Microsoft System Center Virtual Machine Manager 2008 R2

Virtual Windows

In theory, virtualizing all your old servers is a good idea, but managing them won't necessarily become any easier. Virtual Machine Manager gives Windows administrators an easy option.

Service virtualization is no longer just an interesting topic for large corporations and datacenters. In fact, virtualization of multiple server systems on a single physical machine has become an affordable option for small and mediumsized businesses, too. With virtualization and the consolidation benefits that it offers, system management also changes. The machines you are managing are only available as virtual entities and as the number of virtual machines and virtualization hosts continues to rise, administrators need to consider centralizing their management.

Microsoft System Center Virtual Machine Manager 2008 R2 (SCVMM) is a management solution for HyperV (R2) hosts, Virtual Server 2005 R2 hosts, and VMware ESX hosts that use the VMware VCenter. SCVMM [1] offers excellent scalability, easy management of hosts and virtual machines and many benefits for the administrator. A Workgroup Edition is available for deployment in small and mediumsized businesses: If you use a maximum of five hosts, this version is a costeffective way of managing an unlimited number of virtual machines.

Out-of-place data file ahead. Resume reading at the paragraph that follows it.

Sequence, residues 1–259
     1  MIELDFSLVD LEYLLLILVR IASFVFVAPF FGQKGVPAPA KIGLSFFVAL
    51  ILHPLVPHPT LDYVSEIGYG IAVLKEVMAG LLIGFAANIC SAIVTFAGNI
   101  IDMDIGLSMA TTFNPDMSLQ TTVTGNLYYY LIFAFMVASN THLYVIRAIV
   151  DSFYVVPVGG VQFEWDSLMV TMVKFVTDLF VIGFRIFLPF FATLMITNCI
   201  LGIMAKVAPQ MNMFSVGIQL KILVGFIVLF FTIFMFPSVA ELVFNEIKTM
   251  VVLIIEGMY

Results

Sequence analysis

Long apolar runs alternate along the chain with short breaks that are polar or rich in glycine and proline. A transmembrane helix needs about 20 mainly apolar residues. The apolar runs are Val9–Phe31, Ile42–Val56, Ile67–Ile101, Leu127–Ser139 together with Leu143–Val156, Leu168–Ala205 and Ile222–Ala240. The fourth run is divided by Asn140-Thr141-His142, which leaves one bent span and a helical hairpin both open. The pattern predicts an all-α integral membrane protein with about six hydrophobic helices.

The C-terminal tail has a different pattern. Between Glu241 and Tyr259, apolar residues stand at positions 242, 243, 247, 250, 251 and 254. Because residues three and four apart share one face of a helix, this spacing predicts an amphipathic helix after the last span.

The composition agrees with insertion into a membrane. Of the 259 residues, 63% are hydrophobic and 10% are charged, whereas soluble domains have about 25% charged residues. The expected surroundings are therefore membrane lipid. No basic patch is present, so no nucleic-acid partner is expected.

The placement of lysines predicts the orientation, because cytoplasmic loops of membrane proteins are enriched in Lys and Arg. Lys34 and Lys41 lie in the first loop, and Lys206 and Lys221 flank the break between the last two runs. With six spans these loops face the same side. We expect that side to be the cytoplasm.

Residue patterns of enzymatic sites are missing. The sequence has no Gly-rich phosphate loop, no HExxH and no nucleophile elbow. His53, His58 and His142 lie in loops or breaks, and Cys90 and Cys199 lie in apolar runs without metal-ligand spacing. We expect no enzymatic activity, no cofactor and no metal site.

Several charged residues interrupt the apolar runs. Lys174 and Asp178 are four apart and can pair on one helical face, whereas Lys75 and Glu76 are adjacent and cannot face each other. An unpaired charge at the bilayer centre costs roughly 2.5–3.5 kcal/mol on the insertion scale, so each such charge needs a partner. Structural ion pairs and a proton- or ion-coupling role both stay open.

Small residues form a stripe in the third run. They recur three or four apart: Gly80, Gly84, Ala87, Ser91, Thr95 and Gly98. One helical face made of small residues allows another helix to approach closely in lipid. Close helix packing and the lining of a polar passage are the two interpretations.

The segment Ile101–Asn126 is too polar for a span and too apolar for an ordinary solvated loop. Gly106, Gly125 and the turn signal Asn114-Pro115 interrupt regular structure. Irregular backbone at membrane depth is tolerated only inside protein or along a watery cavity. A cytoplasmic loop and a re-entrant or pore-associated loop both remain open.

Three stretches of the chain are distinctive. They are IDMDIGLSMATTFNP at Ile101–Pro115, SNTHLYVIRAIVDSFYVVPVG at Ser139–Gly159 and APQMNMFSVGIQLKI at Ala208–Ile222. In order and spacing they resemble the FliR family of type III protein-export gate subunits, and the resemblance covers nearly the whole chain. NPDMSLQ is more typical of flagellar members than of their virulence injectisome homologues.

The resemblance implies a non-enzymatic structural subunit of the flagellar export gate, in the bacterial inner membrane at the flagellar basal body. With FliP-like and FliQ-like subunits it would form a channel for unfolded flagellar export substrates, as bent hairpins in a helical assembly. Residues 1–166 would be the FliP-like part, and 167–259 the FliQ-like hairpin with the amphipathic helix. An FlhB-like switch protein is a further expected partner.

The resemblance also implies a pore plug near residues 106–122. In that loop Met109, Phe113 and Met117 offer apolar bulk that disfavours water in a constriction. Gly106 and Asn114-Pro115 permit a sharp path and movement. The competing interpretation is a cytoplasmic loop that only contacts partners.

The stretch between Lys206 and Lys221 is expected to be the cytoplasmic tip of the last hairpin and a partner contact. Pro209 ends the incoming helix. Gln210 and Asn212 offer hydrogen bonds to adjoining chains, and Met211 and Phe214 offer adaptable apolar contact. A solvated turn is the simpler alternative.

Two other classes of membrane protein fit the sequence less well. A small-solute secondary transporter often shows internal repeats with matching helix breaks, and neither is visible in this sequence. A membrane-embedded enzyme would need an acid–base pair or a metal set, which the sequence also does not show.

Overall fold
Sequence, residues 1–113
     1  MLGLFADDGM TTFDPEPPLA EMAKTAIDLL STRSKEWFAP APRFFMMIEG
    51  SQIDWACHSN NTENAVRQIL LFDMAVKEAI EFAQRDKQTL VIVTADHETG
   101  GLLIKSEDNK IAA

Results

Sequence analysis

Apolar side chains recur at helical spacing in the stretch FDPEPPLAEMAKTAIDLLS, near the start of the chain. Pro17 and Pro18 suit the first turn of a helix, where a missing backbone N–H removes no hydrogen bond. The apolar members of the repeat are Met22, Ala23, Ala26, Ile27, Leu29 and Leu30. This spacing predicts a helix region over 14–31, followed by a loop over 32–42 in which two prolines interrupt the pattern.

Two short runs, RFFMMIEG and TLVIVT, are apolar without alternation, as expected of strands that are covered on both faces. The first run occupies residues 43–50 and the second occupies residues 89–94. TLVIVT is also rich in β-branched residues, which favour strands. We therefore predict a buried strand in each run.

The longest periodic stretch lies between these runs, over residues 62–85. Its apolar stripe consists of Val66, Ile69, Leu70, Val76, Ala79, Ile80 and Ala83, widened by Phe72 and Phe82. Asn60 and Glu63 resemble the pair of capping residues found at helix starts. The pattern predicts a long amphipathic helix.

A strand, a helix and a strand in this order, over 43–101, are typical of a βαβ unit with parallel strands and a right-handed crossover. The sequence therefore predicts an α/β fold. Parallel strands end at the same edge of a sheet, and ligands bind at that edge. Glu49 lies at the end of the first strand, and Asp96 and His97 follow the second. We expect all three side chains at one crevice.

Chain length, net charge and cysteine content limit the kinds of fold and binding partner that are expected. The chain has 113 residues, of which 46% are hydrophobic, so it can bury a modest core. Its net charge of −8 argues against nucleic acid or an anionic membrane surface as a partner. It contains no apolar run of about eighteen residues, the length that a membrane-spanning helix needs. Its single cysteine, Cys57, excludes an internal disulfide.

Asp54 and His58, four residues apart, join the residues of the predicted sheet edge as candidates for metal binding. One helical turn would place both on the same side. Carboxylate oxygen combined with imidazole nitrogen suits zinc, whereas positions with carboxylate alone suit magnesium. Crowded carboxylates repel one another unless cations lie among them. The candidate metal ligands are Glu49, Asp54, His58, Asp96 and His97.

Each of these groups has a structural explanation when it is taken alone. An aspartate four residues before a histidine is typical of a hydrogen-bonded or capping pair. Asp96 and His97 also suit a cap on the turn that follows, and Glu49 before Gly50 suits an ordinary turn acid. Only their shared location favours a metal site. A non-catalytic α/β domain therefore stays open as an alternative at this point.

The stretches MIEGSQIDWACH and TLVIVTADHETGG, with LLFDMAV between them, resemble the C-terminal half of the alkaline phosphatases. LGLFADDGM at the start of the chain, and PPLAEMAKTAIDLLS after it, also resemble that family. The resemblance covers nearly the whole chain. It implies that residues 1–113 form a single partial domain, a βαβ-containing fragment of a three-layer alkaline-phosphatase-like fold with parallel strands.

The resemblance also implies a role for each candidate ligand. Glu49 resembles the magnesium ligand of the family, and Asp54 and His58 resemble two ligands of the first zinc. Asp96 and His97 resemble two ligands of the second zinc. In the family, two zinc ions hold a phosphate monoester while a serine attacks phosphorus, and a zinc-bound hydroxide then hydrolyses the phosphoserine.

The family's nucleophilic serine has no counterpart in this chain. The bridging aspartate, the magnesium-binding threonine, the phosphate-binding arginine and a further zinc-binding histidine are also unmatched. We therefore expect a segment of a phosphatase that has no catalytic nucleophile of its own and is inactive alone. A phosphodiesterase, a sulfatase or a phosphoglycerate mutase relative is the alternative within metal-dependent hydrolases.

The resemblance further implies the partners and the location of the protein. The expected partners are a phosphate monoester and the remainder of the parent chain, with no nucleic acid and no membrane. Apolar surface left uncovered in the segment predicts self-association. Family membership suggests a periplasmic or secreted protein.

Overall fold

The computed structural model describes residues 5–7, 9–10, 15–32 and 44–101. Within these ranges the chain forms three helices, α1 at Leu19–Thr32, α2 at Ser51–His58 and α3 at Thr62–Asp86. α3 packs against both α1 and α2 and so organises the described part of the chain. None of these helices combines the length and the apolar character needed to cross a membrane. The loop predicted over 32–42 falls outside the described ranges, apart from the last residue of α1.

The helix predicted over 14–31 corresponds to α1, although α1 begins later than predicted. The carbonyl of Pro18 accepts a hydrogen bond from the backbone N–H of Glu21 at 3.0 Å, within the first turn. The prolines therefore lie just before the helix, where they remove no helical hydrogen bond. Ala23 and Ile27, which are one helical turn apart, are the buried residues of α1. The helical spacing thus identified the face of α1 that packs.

System Requirements

To install SCVMM, you need a 64bit version of Windows Server 2008 (R2), which you can run as a virtual machine in smaller environments (with a maximum of five hosts). The system on which you install SCVMM must be a member of an Active Directory domain, but you can use it to manage host systems in nonmember networks. In this case, you'll need to install the agents manually because automatic installation only works inside the domain. SCVMM relies on Microsoft SQL Server to store data. Depending on the size of your environment, you can use the free SQL Server 2005 Express Edition supplied with the bundle, which has a database size limit of 4GB, or you can use an instance of SQL Server 2005 or SQL Server 2008.

It makes sense to use a separate server for the database in larger environments. You can install the SCVMM database component on a separate system; it doesn't need to reside on the management server. To install the management component in SCVMM you also need the Windows Automated Installation Kit (WAIK) 1.1, which is automatically installed when you install the management server, Windows PowerShell 1.0 or 2.0, Windows Remote Management (WinRM) 1.1 or 2.0, and the .NET framework 3.0 (SP1).

The webbased SCVMM SelfService Portal additionally requires Internet Information Server (IIS) version 7.0 or 7.5. The SCVMM management console can also be installed on client systems such as Windows Vista and Windows 7. If you also want to send commandline jobs to SCVMM via the client, you will additionally need to install Windows PowerShell clientside.